DIY Grime-Busting Shelf Cleaner

For stuck on-messes, spray the area with a Castile-soap based cleaner and let it sit for several minutes, then wipe away. Or you can also make a paste to gently scrub the grimy area. 

  1. Combine approximately 2 tablespoons of baking soda and 1 teaspoon of water in a small bowl to make a paste.
  2. Spread the paste over the grimy areas, then lightly spray vinegar over the paste to make it fizz and bubble. Scrub gently with a soft sponge, so you don’t scratch the surface.
  3. For stubborn areas, let the scrub dry completely, then spray lightly with vinegar before scrubbing it away. 
Organizing the Refrigerator

Now that you’ve sorted the items and have tossed the expired/unwanted items, it’s time to organize and put everything back in!

There are lots of great Pinterest-y ideas out there for organizing your fridge, but I’m not one for buying all the plastic containers to organize (but if you are, definitely go for it!). I always feel like they look beautiful when they’re fully stocked, but once items start to dwindle the unbalanced look drives me a little crazy. Maybe that’s just me?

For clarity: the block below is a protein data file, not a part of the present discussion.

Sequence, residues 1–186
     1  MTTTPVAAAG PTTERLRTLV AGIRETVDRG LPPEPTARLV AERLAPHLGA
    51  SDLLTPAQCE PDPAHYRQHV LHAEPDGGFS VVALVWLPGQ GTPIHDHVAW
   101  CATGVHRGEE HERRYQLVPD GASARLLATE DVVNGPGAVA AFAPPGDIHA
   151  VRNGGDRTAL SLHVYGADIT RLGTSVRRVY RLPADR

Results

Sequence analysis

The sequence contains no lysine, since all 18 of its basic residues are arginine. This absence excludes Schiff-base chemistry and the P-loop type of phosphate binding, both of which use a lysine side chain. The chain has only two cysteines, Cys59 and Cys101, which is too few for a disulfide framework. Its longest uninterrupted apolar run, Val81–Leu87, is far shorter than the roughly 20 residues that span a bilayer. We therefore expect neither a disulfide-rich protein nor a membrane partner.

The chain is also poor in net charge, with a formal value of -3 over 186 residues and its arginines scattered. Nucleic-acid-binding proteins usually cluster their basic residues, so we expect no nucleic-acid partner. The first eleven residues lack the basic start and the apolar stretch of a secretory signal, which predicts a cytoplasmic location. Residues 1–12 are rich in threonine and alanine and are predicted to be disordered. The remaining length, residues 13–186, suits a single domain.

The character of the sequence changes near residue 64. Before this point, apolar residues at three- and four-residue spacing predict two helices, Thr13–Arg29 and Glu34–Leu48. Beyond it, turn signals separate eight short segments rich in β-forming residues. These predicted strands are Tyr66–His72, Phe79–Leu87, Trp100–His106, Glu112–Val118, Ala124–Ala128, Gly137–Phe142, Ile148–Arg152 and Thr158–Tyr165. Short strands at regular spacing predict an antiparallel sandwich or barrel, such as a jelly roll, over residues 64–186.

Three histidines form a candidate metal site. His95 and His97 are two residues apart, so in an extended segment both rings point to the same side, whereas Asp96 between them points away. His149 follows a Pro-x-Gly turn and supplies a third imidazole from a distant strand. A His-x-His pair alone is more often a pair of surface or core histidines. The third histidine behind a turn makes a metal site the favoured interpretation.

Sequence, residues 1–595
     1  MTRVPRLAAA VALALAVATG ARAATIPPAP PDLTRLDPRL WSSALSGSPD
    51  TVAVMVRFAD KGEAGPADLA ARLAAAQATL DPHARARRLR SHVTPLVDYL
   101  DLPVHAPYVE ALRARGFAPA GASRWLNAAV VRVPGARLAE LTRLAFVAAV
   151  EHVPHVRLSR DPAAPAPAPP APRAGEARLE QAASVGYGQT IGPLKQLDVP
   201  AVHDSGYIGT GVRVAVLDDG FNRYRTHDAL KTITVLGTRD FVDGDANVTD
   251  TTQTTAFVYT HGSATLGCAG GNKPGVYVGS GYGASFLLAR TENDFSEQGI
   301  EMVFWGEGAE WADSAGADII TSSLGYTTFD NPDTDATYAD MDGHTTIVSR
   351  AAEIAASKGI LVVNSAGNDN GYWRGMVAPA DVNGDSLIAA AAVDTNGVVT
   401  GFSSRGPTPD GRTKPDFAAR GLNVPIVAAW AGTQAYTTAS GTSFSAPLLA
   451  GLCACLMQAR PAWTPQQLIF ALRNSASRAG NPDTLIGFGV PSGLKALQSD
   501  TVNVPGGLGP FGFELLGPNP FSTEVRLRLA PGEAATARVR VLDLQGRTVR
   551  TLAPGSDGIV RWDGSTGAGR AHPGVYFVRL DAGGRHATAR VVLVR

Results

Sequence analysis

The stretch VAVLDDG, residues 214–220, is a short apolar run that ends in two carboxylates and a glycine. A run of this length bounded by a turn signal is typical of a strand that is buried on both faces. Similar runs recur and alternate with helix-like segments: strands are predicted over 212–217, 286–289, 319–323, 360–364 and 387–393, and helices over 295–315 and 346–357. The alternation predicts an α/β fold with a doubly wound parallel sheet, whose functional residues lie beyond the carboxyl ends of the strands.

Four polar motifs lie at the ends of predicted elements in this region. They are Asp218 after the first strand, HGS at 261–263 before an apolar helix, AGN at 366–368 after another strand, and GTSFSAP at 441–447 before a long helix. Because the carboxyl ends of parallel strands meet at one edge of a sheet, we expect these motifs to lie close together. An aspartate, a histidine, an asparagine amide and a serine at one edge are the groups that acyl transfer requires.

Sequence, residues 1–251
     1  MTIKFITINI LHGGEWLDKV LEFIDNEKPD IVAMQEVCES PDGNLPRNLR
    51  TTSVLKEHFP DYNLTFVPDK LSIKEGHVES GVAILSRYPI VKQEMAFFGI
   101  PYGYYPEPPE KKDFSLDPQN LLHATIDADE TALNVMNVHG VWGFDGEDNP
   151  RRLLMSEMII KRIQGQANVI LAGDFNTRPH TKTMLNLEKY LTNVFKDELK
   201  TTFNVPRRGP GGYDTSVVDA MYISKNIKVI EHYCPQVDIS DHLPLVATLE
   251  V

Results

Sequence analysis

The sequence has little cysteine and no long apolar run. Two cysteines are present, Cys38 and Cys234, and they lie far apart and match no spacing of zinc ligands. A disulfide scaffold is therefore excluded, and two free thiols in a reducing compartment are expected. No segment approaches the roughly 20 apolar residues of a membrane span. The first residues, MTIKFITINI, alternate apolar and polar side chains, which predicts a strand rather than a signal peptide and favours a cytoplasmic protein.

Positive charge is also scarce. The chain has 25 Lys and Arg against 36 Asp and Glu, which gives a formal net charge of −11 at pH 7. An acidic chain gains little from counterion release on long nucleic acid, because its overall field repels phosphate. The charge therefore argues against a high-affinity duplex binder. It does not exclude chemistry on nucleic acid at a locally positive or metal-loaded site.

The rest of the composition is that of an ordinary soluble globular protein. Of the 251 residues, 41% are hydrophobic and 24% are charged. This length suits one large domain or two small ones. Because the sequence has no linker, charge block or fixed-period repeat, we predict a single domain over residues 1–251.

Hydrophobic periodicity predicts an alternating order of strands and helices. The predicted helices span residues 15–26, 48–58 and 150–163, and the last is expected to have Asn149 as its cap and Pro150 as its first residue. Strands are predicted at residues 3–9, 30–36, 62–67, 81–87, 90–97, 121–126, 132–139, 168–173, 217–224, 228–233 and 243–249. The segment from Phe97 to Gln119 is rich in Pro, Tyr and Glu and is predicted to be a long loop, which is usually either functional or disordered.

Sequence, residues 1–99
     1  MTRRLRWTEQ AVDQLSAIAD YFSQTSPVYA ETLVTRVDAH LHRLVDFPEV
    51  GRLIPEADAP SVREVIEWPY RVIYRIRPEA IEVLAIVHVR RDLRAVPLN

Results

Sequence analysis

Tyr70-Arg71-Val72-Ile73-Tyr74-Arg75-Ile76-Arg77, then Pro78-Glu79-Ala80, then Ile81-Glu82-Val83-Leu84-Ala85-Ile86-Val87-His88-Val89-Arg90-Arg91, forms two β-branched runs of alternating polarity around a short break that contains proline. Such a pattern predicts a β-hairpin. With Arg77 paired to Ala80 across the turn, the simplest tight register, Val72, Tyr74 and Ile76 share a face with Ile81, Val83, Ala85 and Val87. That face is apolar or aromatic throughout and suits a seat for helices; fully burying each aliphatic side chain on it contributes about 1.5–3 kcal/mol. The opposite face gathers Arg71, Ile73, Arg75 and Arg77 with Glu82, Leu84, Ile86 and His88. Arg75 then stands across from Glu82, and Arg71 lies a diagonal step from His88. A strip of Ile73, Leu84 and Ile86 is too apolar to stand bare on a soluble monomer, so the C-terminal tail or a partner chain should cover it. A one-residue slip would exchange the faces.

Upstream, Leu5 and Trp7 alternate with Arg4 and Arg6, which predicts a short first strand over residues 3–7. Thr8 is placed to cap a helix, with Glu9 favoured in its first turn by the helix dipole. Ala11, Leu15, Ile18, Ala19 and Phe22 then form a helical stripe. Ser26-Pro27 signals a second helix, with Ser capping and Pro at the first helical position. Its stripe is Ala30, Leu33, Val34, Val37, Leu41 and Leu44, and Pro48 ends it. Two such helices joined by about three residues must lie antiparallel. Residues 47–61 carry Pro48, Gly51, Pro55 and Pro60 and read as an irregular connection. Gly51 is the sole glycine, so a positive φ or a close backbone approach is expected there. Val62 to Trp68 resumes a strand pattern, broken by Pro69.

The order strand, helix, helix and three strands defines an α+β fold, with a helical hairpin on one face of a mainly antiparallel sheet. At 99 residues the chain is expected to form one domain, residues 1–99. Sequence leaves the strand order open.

But that’s just my opinion, and I am definitely not against a couple here and there to help organize sauces, etc. if needed. Do what you’re comfortable with, and if you want to do a full-on Pinterest-y fridge, that’s awesome and I will secretly be jealous!